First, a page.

Tribunal reforms

Over
the last few months, due to pressure from lobby groups and the introduction of
the Human Rights Act 1998 (HRA), the Government has proposed changes to the
employment tribunal system, particularly concerning the appointment of tribunal
members and the rules on costs.

The
changes are good news for employers who often come under pressure to settle
weak claims on a commercial basis because legal costs are generally
irrecoverable in the tribunal. It is possible that, in a year or two, the
present system will be radically reformed.

Changes
and proposals

The
traditional tribunal of a fully qualified chairman and two lay members is
unlikely to be altered. Changes have been made to the system of appointing lay
members, however. Until recently, one lay member was generally nominated by
business groups (such as the CBI), and the other by employee groups (such as
the TUC). However, the Government has undertaken a programme to recruit lay
members in a different way, encouraging applications from women, minorities and
the disabled, currently under-represented. Unions and business groups have now
effectively lost their grip on appointments. The next round of recruitment will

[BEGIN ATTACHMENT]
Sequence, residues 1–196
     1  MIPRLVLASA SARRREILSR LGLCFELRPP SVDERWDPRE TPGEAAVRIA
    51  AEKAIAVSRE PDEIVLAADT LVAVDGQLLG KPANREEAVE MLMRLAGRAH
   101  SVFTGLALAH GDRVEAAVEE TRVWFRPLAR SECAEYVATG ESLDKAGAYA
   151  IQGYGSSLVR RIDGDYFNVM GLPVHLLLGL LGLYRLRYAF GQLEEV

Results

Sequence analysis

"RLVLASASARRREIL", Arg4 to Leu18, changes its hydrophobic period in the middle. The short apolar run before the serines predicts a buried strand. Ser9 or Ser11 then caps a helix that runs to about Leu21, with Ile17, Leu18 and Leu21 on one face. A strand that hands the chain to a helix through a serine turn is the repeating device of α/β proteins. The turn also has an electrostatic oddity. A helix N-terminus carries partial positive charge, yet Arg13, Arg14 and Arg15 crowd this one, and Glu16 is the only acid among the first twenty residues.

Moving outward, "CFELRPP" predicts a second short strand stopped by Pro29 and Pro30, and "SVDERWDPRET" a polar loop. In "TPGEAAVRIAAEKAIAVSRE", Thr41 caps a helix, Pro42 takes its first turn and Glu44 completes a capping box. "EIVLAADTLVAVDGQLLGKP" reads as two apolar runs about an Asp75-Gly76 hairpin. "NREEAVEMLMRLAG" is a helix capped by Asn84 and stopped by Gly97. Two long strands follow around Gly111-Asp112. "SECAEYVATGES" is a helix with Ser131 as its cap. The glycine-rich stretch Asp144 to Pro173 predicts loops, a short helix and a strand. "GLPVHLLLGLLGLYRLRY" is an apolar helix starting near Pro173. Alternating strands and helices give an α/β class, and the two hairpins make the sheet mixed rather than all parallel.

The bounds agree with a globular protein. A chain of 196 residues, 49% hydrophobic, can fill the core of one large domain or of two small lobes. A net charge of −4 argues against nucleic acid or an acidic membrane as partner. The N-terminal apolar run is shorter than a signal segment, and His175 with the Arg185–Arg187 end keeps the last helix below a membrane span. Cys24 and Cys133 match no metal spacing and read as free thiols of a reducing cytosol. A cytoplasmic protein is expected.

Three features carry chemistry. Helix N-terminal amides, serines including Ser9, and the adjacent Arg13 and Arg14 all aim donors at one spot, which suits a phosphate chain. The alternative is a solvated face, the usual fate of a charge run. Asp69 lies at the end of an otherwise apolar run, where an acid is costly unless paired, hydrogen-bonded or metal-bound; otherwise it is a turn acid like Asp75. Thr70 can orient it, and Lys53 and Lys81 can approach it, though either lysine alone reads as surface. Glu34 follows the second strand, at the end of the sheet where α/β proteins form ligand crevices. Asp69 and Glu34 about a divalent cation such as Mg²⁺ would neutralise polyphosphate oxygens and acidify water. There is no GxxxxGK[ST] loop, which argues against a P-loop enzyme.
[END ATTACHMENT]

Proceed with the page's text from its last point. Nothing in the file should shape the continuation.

be in 2002.

The
system of appointing lay members has also become problematic because of the
HRA. At present, the Lord Chancellor, who is “independent” from the Government,
appoints the tribunal chairmen, but a government department, the DTI, appoints
the lay members. It has been argued that the DTI appointing lay members might
be contrary to the HRA’s guarantee of a right to be heard by an independent,
impartial tribunal. It opens up the possibility of political interference in
judging, and creates a conflict of interest where public bodies are involved in
litigation.

Issue
of costs

The
Government has started to overhaul the rules governing tribunal costs. It has
raised the maximum deposit for weak cases in pre-hearing reviews from £150 to
£500. This will not be of great significance, however, because very few
pre-hearing reviews take place at the moment due to their expense.

At
present there is no rule that the loser pays the winner’s legal costs. Costs
are awarded only if a party has behaved in a frivolous, vexatious, oppressive
or otherwise unreasonable way in bringing or conducting proceedings. Costs
awards are made in less than 2 per cent of cases and are generally under £500.
The Government proposes new powers for tribunals to award costs of up to
£10,000, which has pleased small business groups. The DTI is still consulting
on the issue and is considering other ideas for reform, including “loser pays”.
This would encourage litigants to settle their differences but would cause
disincentives to claimants.

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